Worse still, some “rolling code” systems use a code like:

1, 2, 3, 4, 5, 6, 7, 8, 9, 10

Whilst this might protect against casual replay attacks, it is not hard for an attacker to guess the next number.

Limitations with one-way radios

If your keyfob can transmit but not receive, there is a small problem. Each time it transmits, the code rolls forward. There is no guarantee that the receiver will hear the transmission.

This means that the transmitter’s code can be further ahead in the sequence than the receiver. This needs to be taken account of – what happens if you are idly pressing the disarm button in your pocket whilst waiting for the bus?

Most systems deal with this by checking for a valid code over a “window” of acceptable values. This could, say, be the next 256 codes. This has an interesting effect on guessing. If I have a 16 bit code, there are 65,536 possibilities. If the window was only 1 long, I would have a 1/65,536 chance of randomly guessing the code. If the window is 256 long, we reduce this by a factor of 256 – to 1/256. That’s a big difference.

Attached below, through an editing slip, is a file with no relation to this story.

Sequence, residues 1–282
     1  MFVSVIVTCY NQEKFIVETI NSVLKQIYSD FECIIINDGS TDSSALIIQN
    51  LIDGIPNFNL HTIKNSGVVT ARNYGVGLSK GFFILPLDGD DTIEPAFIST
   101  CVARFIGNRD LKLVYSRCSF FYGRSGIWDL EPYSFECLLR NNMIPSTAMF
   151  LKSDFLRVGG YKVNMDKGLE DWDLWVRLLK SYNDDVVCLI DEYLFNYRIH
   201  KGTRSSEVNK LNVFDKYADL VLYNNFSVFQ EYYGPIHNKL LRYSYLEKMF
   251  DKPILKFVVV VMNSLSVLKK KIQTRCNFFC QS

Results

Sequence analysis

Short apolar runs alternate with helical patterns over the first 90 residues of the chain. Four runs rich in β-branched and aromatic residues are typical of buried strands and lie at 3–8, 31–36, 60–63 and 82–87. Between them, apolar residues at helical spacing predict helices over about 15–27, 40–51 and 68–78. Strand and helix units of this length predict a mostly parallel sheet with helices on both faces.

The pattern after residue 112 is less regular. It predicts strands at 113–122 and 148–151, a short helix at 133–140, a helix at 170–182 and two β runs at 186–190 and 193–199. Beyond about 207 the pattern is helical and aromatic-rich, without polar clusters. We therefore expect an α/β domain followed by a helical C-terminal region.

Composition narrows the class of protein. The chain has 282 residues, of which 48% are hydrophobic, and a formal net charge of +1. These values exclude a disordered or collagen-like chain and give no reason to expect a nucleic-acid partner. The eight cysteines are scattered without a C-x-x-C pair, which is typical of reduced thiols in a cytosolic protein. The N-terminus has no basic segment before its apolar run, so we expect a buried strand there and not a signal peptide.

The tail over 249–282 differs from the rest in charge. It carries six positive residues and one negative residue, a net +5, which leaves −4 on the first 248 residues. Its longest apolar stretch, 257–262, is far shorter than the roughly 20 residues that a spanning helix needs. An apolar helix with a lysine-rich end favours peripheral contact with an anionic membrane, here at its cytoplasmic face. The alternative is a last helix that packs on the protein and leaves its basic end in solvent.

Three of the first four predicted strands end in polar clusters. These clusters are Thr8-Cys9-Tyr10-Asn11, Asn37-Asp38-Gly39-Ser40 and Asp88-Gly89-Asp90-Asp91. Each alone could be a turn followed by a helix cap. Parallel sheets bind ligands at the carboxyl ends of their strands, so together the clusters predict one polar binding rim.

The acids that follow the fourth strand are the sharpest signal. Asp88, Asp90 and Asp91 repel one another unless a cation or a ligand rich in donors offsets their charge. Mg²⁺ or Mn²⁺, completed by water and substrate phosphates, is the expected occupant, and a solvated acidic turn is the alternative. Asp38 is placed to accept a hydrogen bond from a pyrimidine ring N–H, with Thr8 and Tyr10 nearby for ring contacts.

Message substitution

A very simple rolling code implementation just appends the pseudo-random code onto the message i.e. “disarm the system 878463098273”

There is no link between the message (“disarm the system”) and the code (“878463098273”).

This means we can change the message and use the same code, providing that the receiver hasn’t received the code.

How could this be done? I’ll give one possible attack.

When you press “arm the system” on the keyfob, it will actually send more than one packet, to ensure that the receiver gets the message. We have something like:

arm the system 736474747363

arm the system 093219457437

arm the system 384838738383

arm the system 732878476655

If I am in the position to jam the receiver, but still receive the genuine packet, I can do the following:

1. Record all 4 packets.

2. Immediately replay the first two to arm the alarm so the user does not see an issue:

arm the system 736474747363

arm the system 093219457437

3. Hold onto the last two packets.

4. Change the messages on the second two packets to:

disarm the system 384838738383

disarm the system 732878476655

And bang, we have disarmed the system.

Replay attacks still work

As long as the packet never reaches the receiver, we can still grab a transmission from a keyfob and use it later. This means someone could press the disarm button on your keyfob whilst you are away from the house (say, when you pass your keys to the checkout assistant to scan your loyalty card), and then replay it later.